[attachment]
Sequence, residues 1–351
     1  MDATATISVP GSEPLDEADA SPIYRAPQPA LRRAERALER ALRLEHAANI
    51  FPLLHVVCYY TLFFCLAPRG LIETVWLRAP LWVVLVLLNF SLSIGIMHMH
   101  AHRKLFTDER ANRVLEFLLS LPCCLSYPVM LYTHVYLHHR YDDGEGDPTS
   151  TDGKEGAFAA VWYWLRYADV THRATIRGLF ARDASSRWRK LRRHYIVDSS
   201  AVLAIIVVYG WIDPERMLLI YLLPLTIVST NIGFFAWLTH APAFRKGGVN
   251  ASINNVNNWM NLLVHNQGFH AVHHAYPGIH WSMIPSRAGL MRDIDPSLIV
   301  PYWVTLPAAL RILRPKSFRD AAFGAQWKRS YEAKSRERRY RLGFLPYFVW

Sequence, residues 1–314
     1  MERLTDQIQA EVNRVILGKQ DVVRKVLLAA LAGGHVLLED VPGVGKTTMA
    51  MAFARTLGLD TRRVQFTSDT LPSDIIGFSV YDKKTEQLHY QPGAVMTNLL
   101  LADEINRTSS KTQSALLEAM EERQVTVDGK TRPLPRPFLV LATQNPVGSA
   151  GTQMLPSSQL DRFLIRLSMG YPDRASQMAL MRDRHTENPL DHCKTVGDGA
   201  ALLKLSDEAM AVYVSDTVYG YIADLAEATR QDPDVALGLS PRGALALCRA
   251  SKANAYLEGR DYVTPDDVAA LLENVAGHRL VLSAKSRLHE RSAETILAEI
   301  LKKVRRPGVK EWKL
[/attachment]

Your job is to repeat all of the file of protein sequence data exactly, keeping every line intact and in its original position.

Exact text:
Sequence, residues 1–351
     1  MDATATISVP GSEPLDEADA SPIYRAPQPA LRRAERALER ALRLEHAANI
    51  FPLLHVVCYY TLFFCLAPRG LIETVWLRAP LWVVLVLLNF SLSIGIMHMH
   101  AHRKLFTDER ANRVLEFLLS LPCCLSYPVM LYTHVYLHHR YDDGEGDPTS
   151  TDGKEGAFAA VWYWLRYADV THRATIRGLF ARDASSRWRK LRRHYIVDSS
   201  AVLAIIVVYG WIDPERMLLI YLLPLTIVST NIGFFAWLTH APAFRKGGVN
   251  ASINNVNNWM NLLVHNQGFH AVHHAYPGIH WSMIPSRAGL MRDIDPSLIV
   301  PYWVTLPAAL RILRPKSFRD AAFGAQWKRS YEAKSRERRY RLGFLPYFVW

Sequence, residues 1–314
     1  MERLTDQIQA EVNRVILGKQ DVVRKVLLAA LAGGHVLLED VPGVGKTTMA
    51  MAFARTLGLD TRRVQFTSDT LPSDIIGFSV YDKKTEQLHY QPGAVMTNLL
   101  LADEINRTSS KTQSALLEAM EERQVTVDGK TRPLPRPFLV LATQNPVGSA
   151  GTQMLPSSQL DRFLIRLSMG YPDRASQMAL MRDRHTENPL DHCKTVGDGA
   201  ALLKLSDEAM AVYVSDTVYG YIADLAEATR QDPDVALGLS PRGALALCRA
   251  SKANAYLEGR DYVTPDDVAA LLENVAGHRL VLSAKSRLHE RSAETILAEI
   301  LKKVRRPGVK EWKL